(USATODAY) It took only a half-minute for the earthquake to shatter this island. A year later, the optimism that followed an international outpouring of sympathy, volunteers and money has given way to reality: The problems here are too great to solve in a year’s time. Too much of the skilled labor force perished in the quake; concerns about corruption and the need for planning have slowed the delivery of funds; and bickering over how and where to rebuild to avoid re-creating slums has hampered reconstruction.
… Rubble is one reason that reconstruction has been slow. A RAND Corp. report published six months after the quake said rubble clearance is the “single most important step” to reconstruction. Yet much remains.
The removal process has been hampered by a lack of heavy equipment and difficulty maneuvering within the narrow confines of cramped neighborhoods. Much of the debris is being removed by hand — bucket by bucket, says Namy Registre, 42, a resident of Fort National who is being paid by the government to remove debris.
“The amount of debris in this city will take years” to clear, says Michele Montas, a former spokeswoman for the U.N. Secretary-General who is a special representative in Haiti. “No one has really devised a strategy to do it better. It costs too much.”
Canada to boost Haiti health, education and farming
(AFP) Canada has allocated 93 million dollars to support eight new health, education and farming initiatives in Haiti, International Development Minister Bev Oda announced Tuesday.
Most of the projects will be funded from Canada’s previous 400 million dollar commitment for the recovery and reconstruction of Haiti.
An OAS report offers a way past Haiti’s political paralysis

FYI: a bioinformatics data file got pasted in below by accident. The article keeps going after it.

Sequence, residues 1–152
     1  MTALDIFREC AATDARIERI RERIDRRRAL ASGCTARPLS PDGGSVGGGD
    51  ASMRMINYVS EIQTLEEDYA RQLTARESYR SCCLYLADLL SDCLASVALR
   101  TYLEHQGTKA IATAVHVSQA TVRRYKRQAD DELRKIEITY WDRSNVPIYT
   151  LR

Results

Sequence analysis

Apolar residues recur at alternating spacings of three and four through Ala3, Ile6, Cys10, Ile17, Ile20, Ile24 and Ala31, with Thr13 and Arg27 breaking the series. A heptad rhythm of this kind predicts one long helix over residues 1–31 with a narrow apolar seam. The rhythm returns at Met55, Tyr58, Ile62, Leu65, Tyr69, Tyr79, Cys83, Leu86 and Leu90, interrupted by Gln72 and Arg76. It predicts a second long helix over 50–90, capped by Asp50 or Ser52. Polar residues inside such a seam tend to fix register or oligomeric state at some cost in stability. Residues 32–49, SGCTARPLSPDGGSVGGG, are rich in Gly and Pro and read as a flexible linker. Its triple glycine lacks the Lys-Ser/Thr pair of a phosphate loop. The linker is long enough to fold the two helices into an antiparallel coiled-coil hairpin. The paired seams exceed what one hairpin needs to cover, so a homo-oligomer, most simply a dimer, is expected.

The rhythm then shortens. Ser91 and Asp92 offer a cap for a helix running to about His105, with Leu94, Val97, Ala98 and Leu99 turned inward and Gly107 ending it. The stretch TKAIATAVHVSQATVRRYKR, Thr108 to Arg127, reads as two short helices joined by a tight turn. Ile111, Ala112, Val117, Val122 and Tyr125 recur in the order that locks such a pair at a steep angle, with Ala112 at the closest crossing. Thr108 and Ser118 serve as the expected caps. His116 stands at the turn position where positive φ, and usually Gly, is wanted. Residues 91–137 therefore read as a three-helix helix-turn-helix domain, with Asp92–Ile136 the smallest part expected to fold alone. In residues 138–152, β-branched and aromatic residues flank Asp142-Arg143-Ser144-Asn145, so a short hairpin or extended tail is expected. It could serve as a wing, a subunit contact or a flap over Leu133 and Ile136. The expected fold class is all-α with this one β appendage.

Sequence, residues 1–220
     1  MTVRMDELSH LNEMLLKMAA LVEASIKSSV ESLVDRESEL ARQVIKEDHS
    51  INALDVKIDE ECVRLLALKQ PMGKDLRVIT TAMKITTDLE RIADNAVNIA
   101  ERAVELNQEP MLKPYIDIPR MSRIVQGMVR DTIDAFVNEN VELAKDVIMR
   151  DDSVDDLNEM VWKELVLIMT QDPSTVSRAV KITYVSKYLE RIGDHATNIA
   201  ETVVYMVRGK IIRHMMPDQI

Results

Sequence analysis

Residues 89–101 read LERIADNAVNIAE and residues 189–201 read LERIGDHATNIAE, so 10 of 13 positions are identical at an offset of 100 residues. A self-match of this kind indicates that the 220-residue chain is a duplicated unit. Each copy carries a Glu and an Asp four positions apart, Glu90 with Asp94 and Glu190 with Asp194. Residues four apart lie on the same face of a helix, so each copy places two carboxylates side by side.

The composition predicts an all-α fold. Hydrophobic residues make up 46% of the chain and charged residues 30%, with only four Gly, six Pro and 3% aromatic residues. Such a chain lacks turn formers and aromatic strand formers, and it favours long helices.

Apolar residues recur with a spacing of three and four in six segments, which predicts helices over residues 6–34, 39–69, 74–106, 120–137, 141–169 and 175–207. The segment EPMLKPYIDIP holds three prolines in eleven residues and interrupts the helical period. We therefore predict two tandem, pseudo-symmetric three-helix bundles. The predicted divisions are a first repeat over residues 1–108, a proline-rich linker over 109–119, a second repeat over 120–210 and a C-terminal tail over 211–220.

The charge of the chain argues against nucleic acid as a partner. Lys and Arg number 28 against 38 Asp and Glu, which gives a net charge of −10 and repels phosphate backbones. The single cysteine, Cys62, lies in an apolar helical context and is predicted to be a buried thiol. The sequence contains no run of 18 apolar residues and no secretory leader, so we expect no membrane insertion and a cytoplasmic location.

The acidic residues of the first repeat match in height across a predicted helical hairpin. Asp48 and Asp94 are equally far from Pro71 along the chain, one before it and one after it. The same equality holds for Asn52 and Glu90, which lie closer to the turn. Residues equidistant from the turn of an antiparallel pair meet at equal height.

(WaPost editorial) GIVEN HAITI’S ARRAY of problems – first and foremost, rebuilding from the earthquake that broke the country’s back a year ago – the last thing it needs is prolonged political paralysis. But that’s exactly what it’s suffered since Nov. 28, when chaotic national elections resulted in credible reports of government-backed fraud and a disputed result in the vote for president. If Haiti doesn’t get beyond this, and quickly, the impasse threatens to cripple a reconstruction process whose slow pace has already disappointed.
A report by the Organization of American States offers a glimmer of hope. The report, obtained this week by the Associated Press, concludes that the government-backed candidate finished third in the November results – not second, as showed in the discredited official results. If President Rene Preval and the electoral commission accept the findings, they would eliminate Mr. Preval’s anointed successor from runoff elections in favor of a popular singer who mounted a credible campaign.
10 January
Malgré une aide massive, des besoins importants persistent un an après le séisme
MSF dresse un bilan de ses opérations d’urgence et constate de nombreuses lacunes dans le secteur des soins médicaux, des abris, de l’eau et de l’assainissement.
Un an après le séisme dévastateur qui fait près de 222 000 morts et 1,5 million de sans-abri, les Haïtiens continuent de vivre dans des conditions précaires, alors qu’une épidémie de choléra s’est répandue à travers tout le pays, et ce, en dépit du déploiement de la plus importante aide humanitaire jamais menée, déclare l’organisation médicale humanitaire internationale, Médecins Sans Frontières (MSF).
8 January
U.N. reports aid to Haiti
The international community supplied just 63.6 percent of the aid it pledged to Haiti in 2010 after a devastating earthquake nearly one year ago, according to the office of the United Nations’s special envoy to Haiti on Friday.
A celebrated donors conference in March netted Haiti 5 billion dollars for its recovery over the coming years, including a promise of 2.1 billion dollars for 2010. The UN said only 1.28 billion dollars was dispersed during the year.
The World Bank corroborated the numbers, in its own count estimating 1.2 billion dollars were handed out by donors over the course of the year.
5 January
Haiti suffers after ‘year of indecision’: Oxfam
Oxfam’s report, released Wednesday, criticized donor countries and aid agencies for failing to co-ordinate between themselves and with the government, and called for the Haitian government to take on responsibility for reconstruction.
It also accused a major agency set up after the quake — the Interim Haiti Recovery Commission co-led by former U.S. president Bill Clinton — for failing in its mandate to co-ordinate efforts.